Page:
TutorialIncoming Webhooks for Gravity Forms

Do you want to add (and process) data from an incoming webhook to your Gravity Form? You can use the Incoming Webhook Add-on from Gravity Flow to do that. We explain where to get the Add-on and give you a real example how we use it.

How to configure the incoming webhook?

To get it working, you’ll need to add to your WordPress site Gravity Forms, Gravity Flow and the Incoming Webhook Add-on. Once you’ve done that, you can go to your Gravity Form settings (settings of one specific form) and click on Incoming Webhook:

Screenshot of the Gravity Flow Incoming Webhook Form Settings.
Screenshot of the Gravity Flow Incoming Webhook Form Settings.

Click Add New and fill in your Webhook name (required):

Screenshot of saving the Gravity Flow Incoming Webhook settings for the first time.
Screenshot of saving the Gravity Flow Incoming Webhook settings for the first time.

Once you save the settings, Gravity Flow Incoming Webhooks will automatically generate a Webhook URL for you to use for connecting Webhooks from other sites to your site, like GitHub, Moodle or Paddle:

Screenshot of the Incoming Webhook settings after saving for the first time. A Webhook URL is available.
Screenshot of the Incoming Webhook settings after saving for the first time. A Webhook URL is available.

Example GitHub webhooks

In GitHub you have within the Settings page of one of your repositories a menu link to Webhooks:

Screenshot with Github Webhooks overview for a specific repository.
Screenshot with Github Webhooks overview for a specific repository.

When you click Add webhook or Edit an existing one, you can paste the Webhook URL generated by Gravity Flow inside the Payload URL. Important is to select ‘application/json’ as Content type:

Screenshot of the Github Webhook Manage Settings. Payload URL is the Webhook URL generated by Gravity Flow.
Screenshot of the Github Webhook Manage Settings. Payload URL is the Webhook URL generated by Gravity Flow.

We leave SSL verification enabled (this checks if your site has a valid SSL certificate).
You can select on which triggers GitHub should post information to your Gravity Flow Incoming Webhook. You can select to send everything, but in this example we only want to get information on a specific individual event, namely the Releases event.

Screenshot of SSL verification settings and on which events the Github action should trigger (send data to the Gravity Flow incoming Webhook)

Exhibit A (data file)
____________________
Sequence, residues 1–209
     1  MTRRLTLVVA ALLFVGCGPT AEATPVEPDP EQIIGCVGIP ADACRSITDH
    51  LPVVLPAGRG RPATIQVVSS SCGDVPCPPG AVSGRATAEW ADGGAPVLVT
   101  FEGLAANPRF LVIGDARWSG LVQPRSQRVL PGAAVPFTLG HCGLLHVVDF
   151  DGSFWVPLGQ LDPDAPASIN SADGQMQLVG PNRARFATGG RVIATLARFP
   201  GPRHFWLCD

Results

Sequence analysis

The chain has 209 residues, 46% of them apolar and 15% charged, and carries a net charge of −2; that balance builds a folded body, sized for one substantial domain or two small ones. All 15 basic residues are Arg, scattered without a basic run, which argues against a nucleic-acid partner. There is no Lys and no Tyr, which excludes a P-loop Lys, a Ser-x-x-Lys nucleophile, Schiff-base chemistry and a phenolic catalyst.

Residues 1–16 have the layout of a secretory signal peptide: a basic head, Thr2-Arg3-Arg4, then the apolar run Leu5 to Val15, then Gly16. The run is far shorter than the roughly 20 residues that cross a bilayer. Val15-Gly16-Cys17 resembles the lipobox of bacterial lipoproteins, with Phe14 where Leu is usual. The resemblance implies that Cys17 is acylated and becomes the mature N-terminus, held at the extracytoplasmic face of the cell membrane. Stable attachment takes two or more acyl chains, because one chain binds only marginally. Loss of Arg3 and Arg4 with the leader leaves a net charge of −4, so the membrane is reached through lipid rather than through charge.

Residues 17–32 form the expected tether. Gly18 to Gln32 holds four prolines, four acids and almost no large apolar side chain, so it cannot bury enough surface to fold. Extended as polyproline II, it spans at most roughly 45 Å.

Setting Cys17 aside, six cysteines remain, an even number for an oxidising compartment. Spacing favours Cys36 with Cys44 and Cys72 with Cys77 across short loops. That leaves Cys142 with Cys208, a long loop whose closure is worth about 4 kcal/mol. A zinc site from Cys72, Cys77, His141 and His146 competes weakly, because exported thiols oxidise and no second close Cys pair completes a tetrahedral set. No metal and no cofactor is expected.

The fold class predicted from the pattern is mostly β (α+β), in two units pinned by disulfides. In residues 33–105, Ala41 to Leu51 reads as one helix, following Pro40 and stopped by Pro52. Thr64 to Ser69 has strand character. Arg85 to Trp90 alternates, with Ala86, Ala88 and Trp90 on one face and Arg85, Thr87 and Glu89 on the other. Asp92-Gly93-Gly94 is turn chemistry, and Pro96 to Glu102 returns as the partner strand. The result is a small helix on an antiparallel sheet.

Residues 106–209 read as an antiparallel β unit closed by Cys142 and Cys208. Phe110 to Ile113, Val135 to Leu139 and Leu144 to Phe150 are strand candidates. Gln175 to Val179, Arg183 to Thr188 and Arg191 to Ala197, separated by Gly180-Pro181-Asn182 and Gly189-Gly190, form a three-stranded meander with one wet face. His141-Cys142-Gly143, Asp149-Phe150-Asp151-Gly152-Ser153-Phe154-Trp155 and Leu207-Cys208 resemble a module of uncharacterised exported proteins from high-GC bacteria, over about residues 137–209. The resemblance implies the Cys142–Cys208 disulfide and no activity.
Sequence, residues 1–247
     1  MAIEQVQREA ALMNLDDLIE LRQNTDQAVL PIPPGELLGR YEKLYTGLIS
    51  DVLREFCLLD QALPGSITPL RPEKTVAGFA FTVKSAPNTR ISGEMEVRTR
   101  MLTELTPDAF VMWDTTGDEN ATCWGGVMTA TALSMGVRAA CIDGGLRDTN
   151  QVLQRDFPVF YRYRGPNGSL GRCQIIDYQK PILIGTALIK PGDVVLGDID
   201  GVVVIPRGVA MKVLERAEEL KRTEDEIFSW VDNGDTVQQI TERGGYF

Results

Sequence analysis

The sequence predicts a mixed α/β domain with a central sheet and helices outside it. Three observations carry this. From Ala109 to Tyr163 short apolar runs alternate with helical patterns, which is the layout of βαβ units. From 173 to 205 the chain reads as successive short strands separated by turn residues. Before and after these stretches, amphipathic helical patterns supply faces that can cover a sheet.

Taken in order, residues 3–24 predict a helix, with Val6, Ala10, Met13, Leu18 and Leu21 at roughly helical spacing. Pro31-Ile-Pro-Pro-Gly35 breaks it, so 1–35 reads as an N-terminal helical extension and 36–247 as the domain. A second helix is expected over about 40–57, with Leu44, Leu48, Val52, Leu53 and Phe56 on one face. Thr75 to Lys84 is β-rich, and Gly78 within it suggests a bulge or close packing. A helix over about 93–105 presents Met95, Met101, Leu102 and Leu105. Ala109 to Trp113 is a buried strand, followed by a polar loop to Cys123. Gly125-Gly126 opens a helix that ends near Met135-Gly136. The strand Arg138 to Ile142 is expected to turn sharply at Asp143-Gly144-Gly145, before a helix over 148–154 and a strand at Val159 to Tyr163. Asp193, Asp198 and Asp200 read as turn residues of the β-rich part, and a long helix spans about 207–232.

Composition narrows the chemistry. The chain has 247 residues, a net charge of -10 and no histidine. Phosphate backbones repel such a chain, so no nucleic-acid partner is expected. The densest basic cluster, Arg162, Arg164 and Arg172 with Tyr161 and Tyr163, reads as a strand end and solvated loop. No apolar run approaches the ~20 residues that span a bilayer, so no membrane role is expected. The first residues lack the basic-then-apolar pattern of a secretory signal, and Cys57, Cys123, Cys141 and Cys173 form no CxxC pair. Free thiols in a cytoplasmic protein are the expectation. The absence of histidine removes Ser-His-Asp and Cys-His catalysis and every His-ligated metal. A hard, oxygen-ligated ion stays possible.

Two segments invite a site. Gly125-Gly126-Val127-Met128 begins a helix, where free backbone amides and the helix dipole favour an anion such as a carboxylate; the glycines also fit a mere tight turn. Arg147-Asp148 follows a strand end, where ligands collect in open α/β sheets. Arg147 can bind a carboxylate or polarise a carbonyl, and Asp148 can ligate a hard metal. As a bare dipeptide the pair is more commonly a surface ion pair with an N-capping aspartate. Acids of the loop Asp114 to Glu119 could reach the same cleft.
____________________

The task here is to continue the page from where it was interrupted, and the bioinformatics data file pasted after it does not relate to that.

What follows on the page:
Screenshot of SSL verification settings and on which events the Github action should trigger (send data to the Gravity Flow incoming Webhook)

By selecting Releases, we’ll get an update from GitHub whenever a release is created, edited, published, unpublished or deleted. This way we can easily update information on our site about our own Add-ons, to keep it in sync with what’s happening on GitHub (where we manage all of our plugins):

Github select trigger: Release created, edited, published, unpublished or deleted.

Once some Release action is triggered, you can check in the tab ‘Recent Deliveries’ what was send to your Incoming Webook (all fake data for this example, but it should more or less look like this):

Screenshot of Github Recent Deliveries with Request data (Headers and Payload)
Screenshot of Github Recent Deliveries with Request data (Headers and Payload)

We see that the Response gave back ‘200’ (in green), which means our WordPress website accepted our GitHub data. The most important to do in your Gravity Form Incoming Webhook settings is mapping the Payload to specific fields.

Here is our example to process the above GitHub data:

Screenshot of the Gravity Flow Incoming Webhook Field values: which Gravity Form Field should be filled with what Key from the Payload.
Screenshot of the Gravity Flow Incoming Webhook Field values: which Gravity Form Field should be filled with what Key from the Payload.

You see that when we want to map data from within an array inside the JSON, we have to us \ to target it specifically. For example we see that the release “url” is inside “release”. You can map that value by using release\url as your Key.

Screenshot of part of the Github Payload as example (only action, release and url)

In our Gravity Form we have several Single Line fields, that we named exactly like the Key, but this is not necessary, you can use any label you want.

Screenshot of the example Gravity Form to save the Incoming Webhook information.
Screenshot of the example Gravity Form to save the Incoming Webhook information.

Once this is set-up, we receive specific information on our site after we create, publish or delete releases on GitHub. Based on the values you can create follow up Workflow steps like processing this information on other places on your site or sending an automatic Twitter message or e-mail update to interested users.

Screenshot of the first entry created by processing and saving the information from the Github Payload through the Gravity Flow Incoming Webhook in the Gravity Form.
Screenshot of the first entry created by processing and saving the information from the Github Payload through the Gravity Flow Incoming Webhook in the Gravity Form.

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